Railroads big part of Marion Township history
By Becky Buher, Guest Columnist, TM News
As we continue to celebrate Lawrence County’s 200-year history, today we look at Marion Township, which was established in 1826 and named for Revolutionary War General Francis Marion. Its boundaries are: north — White River, south — Orange County, east — Bono Township, west — Spice Valley Township.
Among the early settlers was Samuel Jackson who arrived in 1814. In 1815, Lewis Phillips built a cabin at John Tolliver’s upper spring. In 1817, Cuthbert and Thomas Bullitt acquired property, built a grist mill and established Spring Mill village.
Its three-story limestone grist mill was the main source of commerce. The mill was powered by water originating in a nearby hillside. Wooden flumes carried the water and provided energy to turn a water wheel. A post office was established in 1831.
By 1850, the village and outlying areas housed 377 families. During that period, railroads were built through Marion Township but bypassed Spring Mill village. The population slowly declined, and the mill closed in 1892 and laid in ruins for years.
In the late 1920s, Colonel Richard Lieber (father of the Indiana parks system), E.Y. Guernsey and the state’s newly formed Indiana Department of Conservation, spearheaded Spring Mill State Park’s creation and village restoration. In 1939, the Civilian Conservation Corps completed the Spring Mill Inn using limestone from nearby quarries. The park was one of 10 Indiana state parks created during the economic Depression of the 1930s. A large grist mill reproduction is on display in the museum gallery.
The railroad had caused the demise of Spring Mill village, but the railroad’s arrival was the genesis of what became Marion Township’s largest community.
Mitchell was built as a railroad town in the 1850s. Its downtown is listed on the National Register of Historic Places. Mitchell was the crossroads of the Chicago, Indianapolis and Louisville Railroad (aka the Monon Railroad) and the Ohio and Mississippi Railway (later part of the Baltimore and Ohio Railroad). With the railroad came the first telegraphs into the county.
Mitchell was named for Ormsby McKnight Mitchel, who was an astronomer, attorney, surveyor, professor and publisher. He platted the town in exchange for naming it Mitchel (second “l” added later). Major General Mitchel died during the American Civil War.
Sam Bass was born in Woodville in 1851. In spite of his attempts at a legitimate life, he went astray. He left the area and later formed a gang of outlaws and will always be remembered as a notorious Wild West train robber. Find more about him at the museum library.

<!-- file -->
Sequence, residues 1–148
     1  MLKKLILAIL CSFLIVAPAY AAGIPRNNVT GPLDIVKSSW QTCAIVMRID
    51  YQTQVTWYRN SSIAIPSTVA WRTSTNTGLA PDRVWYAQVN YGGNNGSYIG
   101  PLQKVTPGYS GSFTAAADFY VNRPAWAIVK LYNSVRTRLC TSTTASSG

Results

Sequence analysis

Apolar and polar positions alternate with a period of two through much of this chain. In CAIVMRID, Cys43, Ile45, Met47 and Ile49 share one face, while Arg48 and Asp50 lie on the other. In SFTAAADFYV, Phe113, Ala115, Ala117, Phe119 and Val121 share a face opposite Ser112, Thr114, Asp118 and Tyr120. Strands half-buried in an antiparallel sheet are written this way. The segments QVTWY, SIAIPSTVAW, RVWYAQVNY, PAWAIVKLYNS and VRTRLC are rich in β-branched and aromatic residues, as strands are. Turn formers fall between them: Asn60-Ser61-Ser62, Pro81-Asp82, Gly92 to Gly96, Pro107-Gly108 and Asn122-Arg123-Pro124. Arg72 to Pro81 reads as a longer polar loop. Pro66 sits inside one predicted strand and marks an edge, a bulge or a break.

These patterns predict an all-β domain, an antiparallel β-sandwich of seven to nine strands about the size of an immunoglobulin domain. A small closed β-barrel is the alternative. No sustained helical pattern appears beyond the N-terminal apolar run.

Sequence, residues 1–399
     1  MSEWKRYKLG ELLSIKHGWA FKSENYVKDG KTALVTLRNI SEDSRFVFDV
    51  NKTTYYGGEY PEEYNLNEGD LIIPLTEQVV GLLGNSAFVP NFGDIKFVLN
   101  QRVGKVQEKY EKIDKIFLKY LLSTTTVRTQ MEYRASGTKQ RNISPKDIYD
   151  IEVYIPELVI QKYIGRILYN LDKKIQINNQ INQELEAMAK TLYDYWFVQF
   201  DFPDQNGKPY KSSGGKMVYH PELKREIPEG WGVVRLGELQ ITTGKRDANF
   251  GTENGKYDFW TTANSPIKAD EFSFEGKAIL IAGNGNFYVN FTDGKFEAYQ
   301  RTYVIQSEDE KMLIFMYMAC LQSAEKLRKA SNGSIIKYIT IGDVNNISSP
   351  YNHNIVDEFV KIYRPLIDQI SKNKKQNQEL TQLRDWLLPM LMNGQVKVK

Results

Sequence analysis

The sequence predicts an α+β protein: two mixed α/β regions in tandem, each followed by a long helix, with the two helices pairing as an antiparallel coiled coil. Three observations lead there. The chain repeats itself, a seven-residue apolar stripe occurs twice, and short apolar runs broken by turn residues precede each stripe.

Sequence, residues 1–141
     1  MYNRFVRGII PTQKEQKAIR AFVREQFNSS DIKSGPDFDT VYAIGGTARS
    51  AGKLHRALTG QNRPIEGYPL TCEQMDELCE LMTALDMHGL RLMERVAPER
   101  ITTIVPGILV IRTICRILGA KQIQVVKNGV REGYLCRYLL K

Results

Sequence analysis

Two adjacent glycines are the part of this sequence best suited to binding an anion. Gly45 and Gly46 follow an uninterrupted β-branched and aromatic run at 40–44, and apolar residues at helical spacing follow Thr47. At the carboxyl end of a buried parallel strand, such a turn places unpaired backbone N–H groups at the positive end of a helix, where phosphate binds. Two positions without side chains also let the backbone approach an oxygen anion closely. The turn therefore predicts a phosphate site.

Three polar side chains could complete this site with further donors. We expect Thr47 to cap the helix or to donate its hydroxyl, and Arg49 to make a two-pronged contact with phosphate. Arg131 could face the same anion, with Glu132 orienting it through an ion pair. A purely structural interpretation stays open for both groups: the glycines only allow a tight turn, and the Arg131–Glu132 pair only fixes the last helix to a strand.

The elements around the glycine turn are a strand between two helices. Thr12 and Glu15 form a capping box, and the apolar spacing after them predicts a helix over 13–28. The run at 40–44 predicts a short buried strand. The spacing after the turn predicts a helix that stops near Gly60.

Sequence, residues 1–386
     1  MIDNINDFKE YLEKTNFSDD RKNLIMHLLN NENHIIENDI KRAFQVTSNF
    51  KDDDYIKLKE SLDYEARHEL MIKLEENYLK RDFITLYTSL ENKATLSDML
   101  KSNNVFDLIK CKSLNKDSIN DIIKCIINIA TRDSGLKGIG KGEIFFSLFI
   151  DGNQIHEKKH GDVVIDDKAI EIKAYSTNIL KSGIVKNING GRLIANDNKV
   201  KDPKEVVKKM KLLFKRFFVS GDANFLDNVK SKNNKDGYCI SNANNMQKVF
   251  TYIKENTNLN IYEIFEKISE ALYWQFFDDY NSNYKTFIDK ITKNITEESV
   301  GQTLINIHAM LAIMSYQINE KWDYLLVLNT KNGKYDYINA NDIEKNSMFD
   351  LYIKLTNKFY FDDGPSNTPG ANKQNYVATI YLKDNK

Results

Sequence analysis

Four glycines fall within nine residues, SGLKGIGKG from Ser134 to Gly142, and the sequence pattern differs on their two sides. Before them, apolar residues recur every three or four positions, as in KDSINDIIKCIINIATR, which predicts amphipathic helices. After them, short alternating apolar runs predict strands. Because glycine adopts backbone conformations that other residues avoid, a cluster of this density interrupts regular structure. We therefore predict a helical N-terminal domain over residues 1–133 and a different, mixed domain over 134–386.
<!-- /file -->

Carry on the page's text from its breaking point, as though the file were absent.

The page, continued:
The town of Mitchell was incorporated in 1864. Mitchell High School and The Mitchell Times were founded in 1876. Lehigh Portland Cement Co. opened in 1902 and is still operating. Mitchell Opera House opened in 1906. William L. Brown was Mitchell’s first mayor in 1907.
In 1919, blacksmith, Ralph H. Carpenter, built a horse-drawn “kid hack” with wooden benches to transport children to school. Later, wagon bodies were adapted for automobile chassis. He built his first “school bus” in 1923. Carpenter Body Works Co. became a major manufacturer of school buses in North America. Readers may remember passing the vast sea of yellow school bus bodies that could be seen from State Road 37.
Mitchell’s most famous native is national hero, astronaut Virgil “Gus” Grissom, who was born in 1926. Grissom was one of the seven Mercury astronauts selected by NASA in April 1959. He piloted the Liberty Bell 7 spacecraft in 1961. In 1965, he commanded the first manned Gemini flight, a three-orbit mission during which the crew accomplished the first orbital trajectory and the first lifting re-entry of a manned spacecraft. Grissom died in 1967 in an Apollo spacecraft flash fire during a launch pad test at Kennedy Space Center, Florida.
Learn more at the Grissom astronaut display at the museum gallery, Grissom’s childhood home in Mitchell, or the Grissom Memorial Museum at Spring Mill State Park.
Some other Marion Township villages were Redding (aka Sinking Spring), platted in 1842 — post office from 1837-1852. Rabbitville’s post office existed 1895-1897. Charles Hartley named Hartleyville in 1900. Tarry Park was named for a prominent resident’s estate, and the Red Cross Cemetery is nearby. Henry Wood platted Woodville in 1849 and manufactured lumber along the railroad. Yockey (aka Juliet and Red Cross) was named for Charles Yockey, who edited several local newspapers in the1870s. See maps at the museum library.